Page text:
|Crowborough and District Historical Society||
|Preacher Pratt by Malcolm Payne published 1996||Page 1 2 3 4 5 6 7 |
In 1898 Samuel died and was given a wonderful obituary in 'Rotherfield & Mayfield Journal'. After giving some account of Jesse's death in the mill, the text continues:
. . . Samuel thus became the eldest surviving son, and worked all his life in the mill. At his father's instigation he began to supply one or two people with periodicals, often walking four or five miles to deliver them, until at last he sold enough to have a parcel of them delivered from London. And so it went on until his newspaper business became the largest by far in the neighbourhood. It was in connection with the paper trade that the deceased was brought into contact with so many visitors, many of whom, returning year by year, grew quite familiar with him, and nothing pleased them better that a little chat with him (what a source for local history some record of these chats could be!).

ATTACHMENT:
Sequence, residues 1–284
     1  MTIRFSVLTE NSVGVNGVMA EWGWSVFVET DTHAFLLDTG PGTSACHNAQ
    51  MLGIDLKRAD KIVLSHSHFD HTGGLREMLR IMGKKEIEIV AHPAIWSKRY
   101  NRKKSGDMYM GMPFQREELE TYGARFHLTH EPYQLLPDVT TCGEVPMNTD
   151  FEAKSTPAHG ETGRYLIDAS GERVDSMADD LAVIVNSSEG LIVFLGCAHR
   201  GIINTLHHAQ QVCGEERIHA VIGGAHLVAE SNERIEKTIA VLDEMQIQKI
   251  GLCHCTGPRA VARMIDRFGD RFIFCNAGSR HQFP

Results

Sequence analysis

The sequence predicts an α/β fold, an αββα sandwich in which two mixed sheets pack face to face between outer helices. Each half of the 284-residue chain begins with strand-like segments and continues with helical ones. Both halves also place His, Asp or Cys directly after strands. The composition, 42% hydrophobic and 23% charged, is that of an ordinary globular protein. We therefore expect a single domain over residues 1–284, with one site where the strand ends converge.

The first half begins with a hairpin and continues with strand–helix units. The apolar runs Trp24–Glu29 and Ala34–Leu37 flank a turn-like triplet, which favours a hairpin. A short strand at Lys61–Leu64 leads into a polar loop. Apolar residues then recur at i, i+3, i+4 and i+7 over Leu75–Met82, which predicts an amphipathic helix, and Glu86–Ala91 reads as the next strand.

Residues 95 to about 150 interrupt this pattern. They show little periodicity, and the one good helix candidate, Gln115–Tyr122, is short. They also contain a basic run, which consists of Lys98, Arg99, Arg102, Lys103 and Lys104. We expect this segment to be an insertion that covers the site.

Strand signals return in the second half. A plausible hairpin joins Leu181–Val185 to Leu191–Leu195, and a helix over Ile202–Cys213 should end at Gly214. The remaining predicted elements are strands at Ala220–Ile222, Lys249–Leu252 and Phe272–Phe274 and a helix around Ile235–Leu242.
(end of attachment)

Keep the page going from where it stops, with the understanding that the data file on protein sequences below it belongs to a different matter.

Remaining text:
Like his father, he was also a minister with the Strict Baptists denomination, and was Deacon at Gethsemane Baptist Chapel, Southview which, by the way was the first chapel in which his father preached . . .
After Samuel's death, his wife is noted as proprietor of the mill. Among the many fascinating tales one hears of this mill is one given to me by former life-resident, the late Mr Alec Markwick, whose family took over newspaper circulation from the Pratts. Alec told me a lock-up building at the mill was used by the military during the Great War, to hold soldiers who had broken the military code of behaviour. From there they were carded or marched back to the Wan-en Camp glasshouse. It was in the little shop in the now demolished Barcombe House, at the entrance of the lane to the mill, that Mrs Lambert, mother of the famous Jackie, (a minute dwarf who measured but 2 feet 10 inches at his death when 36 years old), kept a sweet, tobacco and tea shop. In this house lived for many years, the late Mr Maurice Paige - an excellent source for much of my local history knowledge, on whose family we must have a later record.